The Cook County state’s attorney’s office says it is changing the way it prosecutes low-level drug offenses, including dismissal of misdemeanor marijuana cases.
“If someone is caught with a misdemeanor amount of marijuana, the state’s attorney’s office will no longer prosecute that case,” office spokeswoman Sally Daly said Sunday. The program will cover people with fewer than three arrests or citations, she said.
The office will announce the changes at 10:15 a.m. Monday. Daly said they are part of an overhaul that will also address how the office prosecutes small amounts of such drugs as Ecstasy, cocaine and heroin.
The changes will include creation of an alternative prosecution program aimed at diverting nonviolent, repeat drug offenders out of the criminal justice system.
The program, designed for those charged with Class 4 felony possession — currently punishable by up to a $25,000 fine or one to three years in prison, or both — will attempt to address chronic drug use and addiction as a public health issue. Repeat offenders are expected to be linked with social service agencies for treatment rather than face criminal penalties.
The proposed changes will not affect pending cases, Daly said.
Last year, Class 4 felony drug possession cases made up about a quarter of all felony cases in Cook County. Prosecutors also saw more than 15,000 misdemeanor cases for small amounts of marijuana, according to the state’s attorney’s office.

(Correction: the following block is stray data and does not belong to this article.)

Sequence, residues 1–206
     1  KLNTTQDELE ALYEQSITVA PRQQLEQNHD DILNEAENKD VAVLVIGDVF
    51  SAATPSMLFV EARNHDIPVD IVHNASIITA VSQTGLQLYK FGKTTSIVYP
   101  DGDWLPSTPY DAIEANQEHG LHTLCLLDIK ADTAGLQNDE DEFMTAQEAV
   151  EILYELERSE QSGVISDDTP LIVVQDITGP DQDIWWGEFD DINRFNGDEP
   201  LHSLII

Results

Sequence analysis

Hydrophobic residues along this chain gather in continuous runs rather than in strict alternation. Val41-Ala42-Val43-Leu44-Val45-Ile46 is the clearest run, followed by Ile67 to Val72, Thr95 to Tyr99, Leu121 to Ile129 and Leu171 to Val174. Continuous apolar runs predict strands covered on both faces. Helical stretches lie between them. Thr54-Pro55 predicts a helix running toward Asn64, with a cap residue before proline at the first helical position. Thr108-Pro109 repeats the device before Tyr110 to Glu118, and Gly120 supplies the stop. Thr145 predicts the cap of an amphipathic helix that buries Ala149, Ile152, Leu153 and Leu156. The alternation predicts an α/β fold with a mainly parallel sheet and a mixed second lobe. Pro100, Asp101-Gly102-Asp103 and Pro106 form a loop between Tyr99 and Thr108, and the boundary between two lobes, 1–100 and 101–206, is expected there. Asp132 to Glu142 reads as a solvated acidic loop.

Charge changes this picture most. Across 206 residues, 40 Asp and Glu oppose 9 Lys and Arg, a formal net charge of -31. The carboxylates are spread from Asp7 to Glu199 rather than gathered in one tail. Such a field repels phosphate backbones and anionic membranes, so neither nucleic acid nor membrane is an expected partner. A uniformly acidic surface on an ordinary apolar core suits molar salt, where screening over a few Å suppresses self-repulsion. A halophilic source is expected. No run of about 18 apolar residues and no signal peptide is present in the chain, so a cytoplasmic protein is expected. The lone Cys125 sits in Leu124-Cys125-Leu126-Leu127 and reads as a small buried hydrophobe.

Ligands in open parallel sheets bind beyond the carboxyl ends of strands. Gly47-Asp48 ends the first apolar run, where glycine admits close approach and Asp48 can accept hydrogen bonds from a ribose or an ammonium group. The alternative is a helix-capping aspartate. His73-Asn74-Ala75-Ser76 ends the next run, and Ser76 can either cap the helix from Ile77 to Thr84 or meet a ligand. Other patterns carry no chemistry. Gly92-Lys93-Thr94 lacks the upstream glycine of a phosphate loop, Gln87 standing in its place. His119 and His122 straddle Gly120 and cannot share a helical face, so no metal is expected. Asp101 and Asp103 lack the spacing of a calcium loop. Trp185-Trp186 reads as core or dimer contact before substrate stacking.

“We potentially could ask for treatment for those cases,” Daly said. “Currently, our big emphasis is pushing toward treatment.”
In 2012, Chicago adopted a marijuana ordinance allowing police to issue tickets of $250 to $500 for someone caught with up to 15 grams of pot.
While the number of people found in possession of less than 15 grams of pot has remained stagnant from 2013 to 2014, police arrested 3,000 fewer people, opting for citations instead, Chicago police spokesman Martin Maloney said.
“The state’s attorney’s action is a welcome step . . . to reduce sentences for some offenses while focusing on the most dangerous gun crimes,” he said.
Cook County Sheriff Tom Dart’s office applauded the effort “to find a more productive approach to low level, nonviolent drug offenses.”
Dan Linn, executive director of the Illinois National Organization for the Reform of Marijuana Laws, lauded the changes, noting the sizable racial disparity in the first year of implementing the ticketing ordinance, with more whites being ticketed and more minorities being arrested.
“It sets a certain tone with individuals because so many are afraid to interact with police and don’t call police when they should,” Linn said.
The announcement falls on what has become known as “Weed Day,” a celebration of marijuana. Daly said the timing was “pure coincidence.”
Source: Chicago Tribune